When this book arrived unsolicited I was positive it would be another mystery/thriller that wouldn’t interest me all that much. I wasn’t enthralled by Gone Girl. I need a bit more depth in my thrillers. Fortunately, the phenomenal writing and intriguing characters and plot grabbed me from page one. Author Melissa Ginsburg writes a taut, colorful and gritty noir. She highlights the darker side of Houston—the strip clubs, the dive bars, the run down neighborhoods, the places where average Americans scrape by on minimum wage work. The descriptions of both setting—“By morning the city was hot and muggy, awash in dirty yellow air.”–and the drug use “With one more bump the world drifted from the stream of regular existence. I loved the separateness of it. I smelled the cocaine in my nostrils, a plastic bitterness that repulsed me if I gave it any thought. Back at the picnic table I was jittery, excited.”– take you right there.

A police detective shows up at Charlotte Ford’s house and she finds out that her high school friend Danielle Reeves was murdered. The now early twenty-somethings stopped hanging out when Danielle became addicted to heroin and went to prison. Danielle possessed a magnetic quality that attracted all types to her. Ford recalls: “Danielle was easily the coolest girl at our school. She wore outfits no one else could pull off—scarves and hats and glamorous upswept hair. She dressed for class like a movie star at some gala, and it seems elegant, never pretentious. Sometimes being around her made me feel sparkly, too.” Several days before Danielle’s murder, the two old friends met for a drink and Charlotte thought they might move beyond the past and become close again.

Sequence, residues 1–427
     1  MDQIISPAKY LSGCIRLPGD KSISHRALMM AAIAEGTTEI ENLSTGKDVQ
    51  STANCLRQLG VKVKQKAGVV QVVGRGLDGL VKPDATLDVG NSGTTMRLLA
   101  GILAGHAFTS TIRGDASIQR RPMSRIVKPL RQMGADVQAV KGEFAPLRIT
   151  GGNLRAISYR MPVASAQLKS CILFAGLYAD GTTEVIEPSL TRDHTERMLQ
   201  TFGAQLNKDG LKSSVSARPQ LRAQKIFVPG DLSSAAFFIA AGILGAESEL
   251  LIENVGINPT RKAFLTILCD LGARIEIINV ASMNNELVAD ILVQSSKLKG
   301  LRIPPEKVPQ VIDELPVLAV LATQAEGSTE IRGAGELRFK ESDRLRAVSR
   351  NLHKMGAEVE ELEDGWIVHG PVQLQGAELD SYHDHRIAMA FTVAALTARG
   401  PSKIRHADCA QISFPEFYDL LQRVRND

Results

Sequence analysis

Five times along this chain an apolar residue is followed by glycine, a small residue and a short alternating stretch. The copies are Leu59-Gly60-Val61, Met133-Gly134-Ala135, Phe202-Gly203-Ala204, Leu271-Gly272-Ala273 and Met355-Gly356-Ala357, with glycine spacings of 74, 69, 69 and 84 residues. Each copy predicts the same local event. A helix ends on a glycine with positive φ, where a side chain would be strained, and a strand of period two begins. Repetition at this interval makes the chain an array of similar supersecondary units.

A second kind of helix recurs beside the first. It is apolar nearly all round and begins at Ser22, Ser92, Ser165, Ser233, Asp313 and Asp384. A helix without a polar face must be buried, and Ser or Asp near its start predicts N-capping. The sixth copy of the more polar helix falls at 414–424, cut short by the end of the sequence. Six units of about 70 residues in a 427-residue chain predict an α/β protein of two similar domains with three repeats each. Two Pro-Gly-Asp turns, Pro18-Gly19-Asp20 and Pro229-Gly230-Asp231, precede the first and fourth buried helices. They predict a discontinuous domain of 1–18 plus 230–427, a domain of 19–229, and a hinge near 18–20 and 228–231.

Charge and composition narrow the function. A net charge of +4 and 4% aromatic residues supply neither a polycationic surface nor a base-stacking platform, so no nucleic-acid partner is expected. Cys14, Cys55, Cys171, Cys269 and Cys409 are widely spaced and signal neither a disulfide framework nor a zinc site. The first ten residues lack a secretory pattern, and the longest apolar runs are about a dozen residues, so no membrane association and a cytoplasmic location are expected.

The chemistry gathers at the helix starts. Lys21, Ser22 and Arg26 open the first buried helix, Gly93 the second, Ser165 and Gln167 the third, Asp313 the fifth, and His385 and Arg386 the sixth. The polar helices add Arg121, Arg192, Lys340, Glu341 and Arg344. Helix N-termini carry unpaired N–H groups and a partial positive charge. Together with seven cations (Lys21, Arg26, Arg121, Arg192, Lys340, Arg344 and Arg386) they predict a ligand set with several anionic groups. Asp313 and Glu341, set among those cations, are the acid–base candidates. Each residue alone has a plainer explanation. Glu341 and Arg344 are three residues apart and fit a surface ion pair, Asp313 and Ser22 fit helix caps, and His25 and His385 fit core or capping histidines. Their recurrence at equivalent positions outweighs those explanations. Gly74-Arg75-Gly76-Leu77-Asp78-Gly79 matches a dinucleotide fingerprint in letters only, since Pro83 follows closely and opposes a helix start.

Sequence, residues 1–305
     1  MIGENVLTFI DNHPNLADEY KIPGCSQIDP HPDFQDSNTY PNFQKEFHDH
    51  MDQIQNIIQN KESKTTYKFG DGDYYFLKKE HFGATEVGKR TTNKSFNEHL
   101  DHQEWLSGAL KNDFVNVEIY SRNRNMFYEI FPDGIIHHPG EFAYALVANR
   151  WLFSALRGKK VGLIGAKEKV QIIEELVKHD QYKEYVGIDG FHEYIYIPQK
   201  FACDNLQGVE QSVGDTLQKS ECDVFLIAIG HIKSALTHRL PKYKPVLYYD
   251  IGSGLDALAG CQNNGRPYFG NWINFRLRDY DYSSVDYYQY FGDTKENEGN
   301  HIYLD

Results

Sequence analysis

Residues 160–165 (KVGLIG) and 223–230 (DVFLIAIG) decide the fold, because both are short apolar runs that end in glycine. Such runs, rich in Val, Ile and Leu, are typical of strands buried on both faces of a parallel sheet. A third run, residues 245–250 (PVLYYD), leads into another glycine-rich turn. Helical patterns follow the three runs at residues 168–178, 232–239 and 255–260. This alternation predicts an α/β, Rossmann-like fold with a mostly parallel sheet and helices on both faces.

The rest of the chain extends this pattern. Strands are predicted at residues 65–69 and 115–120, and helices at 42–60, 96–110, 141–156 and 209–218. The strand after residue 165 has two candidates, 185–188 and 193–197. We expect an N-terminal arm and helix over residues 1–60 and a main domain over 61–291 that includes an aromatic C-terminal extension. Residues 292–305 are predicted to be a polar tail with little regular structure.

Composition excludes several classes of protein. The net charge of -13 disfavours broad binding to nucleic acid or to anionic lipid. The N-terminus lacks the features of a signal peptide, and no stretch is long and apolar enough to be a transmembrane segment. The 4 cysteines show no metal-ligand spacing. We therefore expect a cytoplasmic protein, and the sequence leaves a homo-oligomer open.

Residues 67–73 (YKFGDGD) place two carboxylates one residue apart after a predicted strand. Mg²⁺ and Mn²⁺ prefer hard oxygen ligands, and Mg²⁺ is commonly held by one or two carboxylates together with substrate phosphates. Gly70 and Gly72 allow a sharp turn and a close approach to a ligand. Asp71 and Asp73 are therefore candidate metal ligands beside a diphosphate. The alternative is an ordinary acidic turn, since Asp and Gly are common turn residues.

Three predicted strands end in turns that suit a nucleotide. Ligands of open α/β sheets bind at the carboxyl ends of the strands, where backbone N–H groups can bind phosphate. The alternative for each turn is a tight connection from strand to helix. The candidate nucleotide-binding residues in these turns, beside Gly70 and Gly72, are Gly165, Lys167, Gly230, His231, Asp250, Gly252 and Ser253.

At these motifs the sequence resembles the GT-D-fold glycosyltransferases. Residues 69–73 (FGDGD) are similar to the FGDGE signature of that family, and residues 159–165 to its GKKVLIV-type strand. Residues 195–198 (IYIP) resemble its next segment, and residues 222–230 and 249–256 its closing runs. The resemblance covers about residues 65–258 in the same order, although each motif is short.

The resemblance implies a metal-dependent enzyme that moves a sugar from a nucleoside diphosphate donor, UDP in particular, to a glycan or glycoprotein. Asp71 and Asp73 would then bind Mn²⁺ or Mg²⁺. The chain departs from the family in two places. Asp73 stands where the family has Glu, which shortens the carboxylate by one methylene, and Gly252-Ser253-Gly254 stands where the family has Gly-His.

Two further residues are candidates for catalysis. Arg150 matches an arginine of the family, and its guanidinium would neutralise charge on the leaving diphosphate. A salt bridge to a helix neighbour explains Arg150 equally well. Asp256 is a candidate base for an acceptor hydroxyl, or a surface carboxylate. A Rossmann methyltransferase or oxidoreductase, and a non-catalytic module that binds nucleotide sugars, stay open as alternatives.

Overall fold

Danielle supported Charlotte when her alcoholic mother got sick and later died. Charlotte spent lots of time at Danielle’s house. Danielle partly escaped into drugs and the sex industry due to her overbearing and wealthy mother. Lately every novel unfolds from several points of view, often trading chapters back and forth between different characters. I’m getting a bit tired of this style. It’s refreshing and fitting that this story is told in first-person by Charlotte. Readers will feel empathy for Charlotte and her hard knock life. She’s gutsy and resilient which ensures an immensely readable and compelling read.

“I never got addicted to drugs when Danielle did. After a couple of days of being high, I wanted a break. I craved order, time alone, exercise. Danielle just wanted more pills. I knew it wasn’t any kind of strength of character. I wasn’t better than her. We both did whatever we felt like. It was only luck that what I wanted was not as dangerous.”

A bereft Charlotte decides to spend time in the places and with the people that Danielle did in order to understand how she possibly could have ended up viciously murdered in a crappy hotel room. Charlotte delves into the drug scene again as she hangs out with Danielle’s friends and at places Danielle frequented. She spends quite a bit of time and enjoys a physical connection with Audrey who worked at the same porn company as Danielle. She meets Danielle’s manager Brandon. But she also speaks with and shares an attraction with the handsome detective intent to solve the case. Besides tons of drug use, there’s lots of raw, hot sex.  Will Charlotte get hurt as she delves into this debased underworld or will she find answers and peace?

–review by Amy Steele

 FTC Disclosure: I received this book for review from Ecco.


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purchase at Amazon: Sunset City: A Novel